The NHS's troubled relationship with technology

 
A man uses his smartphone The public are used to having most aspects of their life just a click away. But in the NHS it is a different matter

When you think how technology has reshaped everything from the way we shop to how we communicate with friends, the lack of progress made by the NHS is astonishing.

While booking holidays and doing the weekly shop online has become routine for many, making appointments to see a GP in such as way has not.

And in an era when companies hold a host of personal information, the fact remains an ambulance can still respond to an emergency call, ferry a patient to hospital but doctors will still have little knowledge of their medical history.

Since the 1990s report after report has called for more innovation.

But time and time again the NHS has failed to live up to expectations - at least in the way the health service interacts with patients and shares information (a much stronger case can be made for its use of technology in areas of medicine, such as robotic surgery).

The £12bn NHS IT project is a case in point. Launched in 2002, it was meant to revolutionise the way technology was used in the health service by paving the way for electronic records, digital scanning and integrated IT systems across hospitals and community care.

But more than a decade on it the national programme has effectively been disbanded with many of its ambitions yet to be realised.

Local parts of the health service - hospitals and the new GP-led groups - have now been asked to push ahead with the changes and the speech by Health Secretary Jeremy Hunt on Wednesday is an attempt chivvy that along.

Some progress

Admittedly, progress is being made in some areas.

Telehealth and telecare, which covers everything from specialist equipment to help a patient monitor their condition to sensors in the home to detect falls, has been piloted quite successfully in several areas.

But the number of people benefiting is still limited to the tens of thousands.

Meanwhile, online appointment booking is at least two years away and some of the most innovative ideas deployed in other countries are but a distant dream.

For example, in the US electronic bracelets are in use that can be scanned by doctors enabling them immediate and easy access to the patient's medical history.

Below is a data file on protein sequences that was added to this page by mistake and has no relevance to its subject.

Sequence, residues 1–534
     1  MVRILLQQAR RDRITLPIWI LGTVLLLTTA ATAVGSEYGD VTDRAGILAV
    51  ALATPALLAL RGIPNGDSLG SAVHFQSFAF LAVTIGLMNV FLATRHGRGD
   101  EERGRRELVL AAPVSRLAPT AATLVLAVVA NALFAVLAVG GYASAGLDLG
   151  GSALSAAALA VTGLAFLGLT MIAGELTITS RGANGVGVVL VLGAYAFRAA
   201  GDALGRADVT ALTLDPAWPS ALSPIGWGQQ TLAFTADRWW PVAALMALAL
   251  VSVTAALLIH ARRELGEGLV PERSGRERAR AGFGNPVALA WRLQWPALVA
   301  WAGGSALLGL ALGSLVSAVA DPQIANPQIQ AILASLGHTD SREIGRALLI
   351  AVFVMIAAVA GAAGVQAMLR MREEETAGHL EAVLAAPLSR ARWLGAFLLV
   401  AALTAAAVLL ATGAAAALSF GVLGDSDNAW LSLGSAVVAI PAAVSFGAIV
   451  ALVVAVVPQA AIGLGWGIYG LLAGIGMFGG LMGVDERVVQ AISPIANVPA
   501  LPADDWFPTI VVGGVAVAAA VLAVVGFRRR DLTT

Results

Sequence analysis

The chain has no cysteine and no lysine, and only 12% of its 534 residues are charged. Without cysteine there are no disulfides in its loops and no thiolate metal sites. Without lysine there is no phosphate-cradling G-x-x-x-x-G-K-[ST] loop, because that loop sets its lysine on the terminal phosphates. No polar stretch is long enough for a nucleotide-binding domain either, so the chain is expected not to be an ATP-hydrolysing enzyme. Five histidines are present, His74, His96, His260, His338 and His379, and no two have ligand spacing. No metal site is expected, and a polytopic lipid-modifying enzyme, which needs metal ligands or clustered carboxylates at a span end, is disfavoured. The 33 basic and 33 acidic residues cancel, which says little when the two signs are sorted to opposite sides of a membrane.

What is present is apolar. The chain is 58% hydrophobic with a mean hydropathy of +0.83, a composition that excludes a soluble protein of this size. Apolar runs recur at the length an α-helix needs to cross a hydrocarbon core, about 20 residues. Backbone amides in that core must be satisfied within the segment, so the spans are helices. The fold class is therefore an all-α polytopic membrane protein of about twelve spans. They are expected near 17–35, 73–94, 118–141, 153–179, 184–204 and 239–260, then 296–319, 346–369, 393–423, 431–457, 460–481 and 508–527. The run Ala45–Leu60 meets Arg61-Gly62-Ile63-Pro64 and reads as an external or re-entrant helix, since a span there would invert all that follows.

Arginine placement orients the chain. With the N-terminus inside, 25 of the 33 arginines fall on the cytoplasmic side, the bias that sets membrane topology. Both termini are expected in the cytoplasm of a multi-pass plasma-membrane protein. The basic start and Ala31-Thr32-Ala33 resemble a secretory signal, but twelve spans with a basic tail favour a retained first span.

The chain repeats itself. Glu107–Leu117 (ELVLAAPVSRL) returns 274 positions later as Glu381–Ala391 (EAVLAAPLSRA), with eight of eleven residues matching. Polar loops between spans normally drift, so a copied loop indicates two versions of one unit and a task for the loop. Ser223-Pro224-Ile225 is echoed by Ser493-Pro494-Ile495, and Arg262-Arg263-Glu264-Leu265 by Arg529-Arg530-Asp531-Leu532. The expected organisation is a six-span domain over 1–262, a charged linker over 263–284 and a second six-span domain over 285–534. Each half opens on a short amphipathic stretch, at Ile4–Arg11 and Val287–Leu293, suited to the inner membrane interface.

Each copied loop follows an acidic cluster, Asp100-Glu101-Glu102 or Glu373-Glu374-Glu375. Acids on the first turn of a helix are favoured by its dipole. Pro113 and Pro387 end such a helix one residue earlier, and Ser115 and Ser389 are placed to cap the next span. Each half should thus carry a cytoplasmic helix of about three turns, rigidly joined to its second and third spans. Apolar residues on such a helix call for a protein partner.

And as the NHS plays catch up, other sectors continue to push the boundaries of what is possible.

It poses the question: Why?

Julia Manning, chief executive of the 2020health think-tank, says the lack of success in embracing technology is "crazy".

She believes the barriers are related to culture more than anything else.

Indeed, the private sector has often complained that the commissioning and purchasing systems in the NHS have proved too complex to encourage innovation.

The NHS IT project was the government's attempt to apply some central control.

But after that struggled the NHS is back to devolving responsibility down to a local level.

Everyone will be hoping the health service is more successful from now on.

 
Nick Triggle Article written by Nick Triggle Nick Triggle Health correspondent

The secret to transforming a failing hospital

Turning around a failing hospital is the equivalent of the holy grail for the NHS. Basildon Hospital has done it. So what is the secret of their success?

Read full article

More on This Story

More from Nick

Comments

This entry is now closed for comments

Jump to comments pagination
 
  • rate this
    +4

    Comment number 114.

    I am a nurse and in my hospital I have long been confused as to why nurses have no access to Oasis, our bed managing programme. This often means that patients go missing in the hospital if they are moved after the ward receptionists have gone home.

    Even on the ICU where I work each patient has over £100,000 of machinery by their bed, but we only have 3 computers for the 20+ staff on each shift.

  • rate this
    +1

    Comment number 113.

    Its perfectly obvious why the NHS has crap IT provision. The NHS has for years been broken up from a large organisation into many smaller ones in the name of efficiency. Thus there is no central control and no economies of scale in purchasing or overall control of IT. This has been done for ideological purposes not to improve patient care. The Balkanisation of the NHS is ruining it.

  • rate this
    +1

    Comment number 112.

    How odd, my wife and I, resident in Florida, have this week gone to various doctors clinics and spent more time filling out pages of forms re our address, history, drugs, etc., than seeing a doctor (or more likely nurse), even though we have been to the clinics before. Where are these wonderful bands containing all our relevant medical records and information? In wish-fulfillment I assume!

  • rate this
    +1

    Comment number 111.

    For some time we have been able to book and cancel appointments and order repeat prescriptions at Rolle Medical Practice in Exmouth. If one GP practice has this, why is it not more widely available?

  • rate this
    0

    Comment number 110.

    We have built an integrated electronic health care record a year ago. We're meeting all accreditations and comply with all ISO standards and NHS regulations. The system is built so that the patient owns all their medical data, they choose who to share it with (including the system). The service is FREE to all NHS patients. NHS doesn't seem at all interested. Try making sense of that...

  • rate this
    +3

    Comment number 109.

    'The NHS's troubled relationship with technology'

    If you ever speak to anyone unfortunate to have been involved with work to improve the IT in the NHS (I regret to have been among them) you wil discover that the NHS has been ripped off sideways by a number of private IT contracors over the years, leaving a bunch of semifunctioning local networks that will never be compatible with each other.